To go 3-0 requires some bombs. I opened a pack with Topplegeist and a random green creature that was certainly better than Topplegeist. The problem was that the player to to my right opened Duskwatch Recruiter, so I figured that either he or the player between us would take that card and jump into green. Not wanting to fight over it, my choice was clear.
First-pick Topplegeist. Not exactly the bomb I was looking for. “**** it. We do it live!” Surprisingly, that Duskwatch Recruiter ended up making it to me 3rd pick, with a Fiery Temper still in the pack. I have no clue what the other players took, but I ended up falling into a very weird GW deck. I ended up with 3 Topplegeists at the end of pack 1. At the end of the draft, I had a GW delirium creature deck that only had 14 creatures, 6 of them 1-drops.
My deck also ended up being very good, and I didn’t lose a game.
The final round of the event was interesting. I sat down and shuffled up 39 cards. I went through my deck 3 times. 39 cards, and only 2 Topplegeists. I had shown a bunch of people my deck before the last round and I feared that one of my Topplegeists had accidentally toppled out of the deck. Here I am playing for Top 8 and Gold, and I’m thinking I’m going to get a game loss for losing one of my stupid cards. I had Nathan Holiday run to a vendor to buy one for me, and I called a judge who left to confer with the head judge about how to deal with the situation.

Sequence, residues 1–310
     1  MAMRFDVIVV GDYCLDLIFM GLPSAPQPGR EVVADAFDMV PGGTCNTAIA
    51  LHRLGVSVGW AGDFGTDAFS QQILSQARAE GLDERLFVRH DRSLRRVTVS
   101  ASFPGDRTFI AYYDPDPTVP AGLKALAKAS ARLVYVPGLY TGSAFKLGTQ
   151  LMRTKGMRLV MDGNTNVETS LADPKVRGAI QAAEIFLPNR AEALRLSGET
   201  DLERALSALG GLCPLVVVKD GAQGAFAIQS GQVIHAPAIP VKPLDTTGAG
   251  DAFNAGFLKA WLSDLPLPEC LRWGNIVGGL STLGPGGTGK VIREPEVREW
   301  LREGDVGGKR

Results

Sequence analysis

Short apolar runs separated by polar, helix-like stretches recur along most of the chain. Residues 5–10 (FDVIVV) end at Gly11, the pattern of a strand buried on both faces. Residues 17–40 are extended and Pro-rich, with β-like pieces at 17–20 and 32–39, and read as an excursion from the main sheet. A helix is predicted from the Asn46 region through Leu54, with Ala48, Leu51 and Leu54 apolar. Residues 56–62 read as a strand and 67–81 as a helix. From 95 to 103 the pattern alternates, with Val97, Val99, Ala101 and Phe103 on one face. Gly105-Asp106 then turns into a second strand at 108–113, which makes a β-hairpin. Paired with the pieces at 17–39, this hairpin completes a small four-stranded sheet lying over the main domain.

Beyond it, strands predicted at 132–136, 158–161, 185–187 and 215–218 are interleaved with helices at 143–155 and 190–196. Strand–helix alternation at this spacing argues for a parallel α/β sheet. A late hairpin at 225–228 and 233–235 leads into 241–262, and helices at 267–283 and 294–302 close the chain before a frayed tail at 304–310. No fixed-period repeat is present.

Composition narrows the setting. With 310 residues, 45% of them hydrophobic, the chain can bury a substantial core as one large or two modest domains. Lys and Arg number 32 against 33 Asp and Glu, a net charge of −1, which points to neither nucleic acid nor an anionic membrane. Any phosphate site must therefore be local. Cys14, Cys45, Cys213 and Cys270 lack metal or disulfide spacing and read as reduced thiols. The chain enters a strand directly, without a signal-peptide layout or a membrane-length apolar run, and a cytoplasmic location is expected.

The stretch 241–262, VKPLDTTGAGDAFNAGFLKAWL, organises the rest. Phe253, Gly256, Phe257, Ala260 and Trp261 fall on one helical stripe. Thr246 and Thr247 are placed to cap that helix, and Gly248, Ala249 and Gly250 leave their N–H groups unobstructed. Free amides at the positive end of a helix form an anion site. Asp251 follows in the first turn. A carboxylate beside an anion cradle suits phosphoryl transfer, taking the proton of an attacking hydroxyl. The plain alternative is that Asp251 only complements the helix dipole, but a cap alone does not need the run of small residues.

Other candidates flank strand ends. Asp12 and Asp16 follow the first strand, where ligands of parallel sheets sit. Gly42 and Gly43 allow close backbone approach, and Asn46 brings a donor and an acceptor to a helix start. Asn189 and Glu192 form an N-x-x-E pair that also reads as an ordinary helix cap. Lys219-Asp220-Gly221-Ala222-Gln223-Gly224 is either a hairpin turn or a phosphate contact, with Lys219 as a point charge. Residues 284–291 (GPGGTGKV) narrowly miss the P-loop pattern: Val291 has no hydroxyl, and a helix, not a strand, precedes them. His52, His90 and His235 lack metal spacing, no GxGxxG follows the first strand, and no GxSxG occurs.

As it turns out, two of my sleeves had just stuck together. Someone who handled my deck had sweaty palms and suddenly, I did too. My knees, however, were not weak. My arms were not heavy. There was vomit on Topplegeist’s sweater. Mom’s delirium. The only Lose Yourself that I knew was what was going to happen later that day when I took a wrong turn trying to find the train station to get back to our house after the GP. I walked about 8 mile before I found it.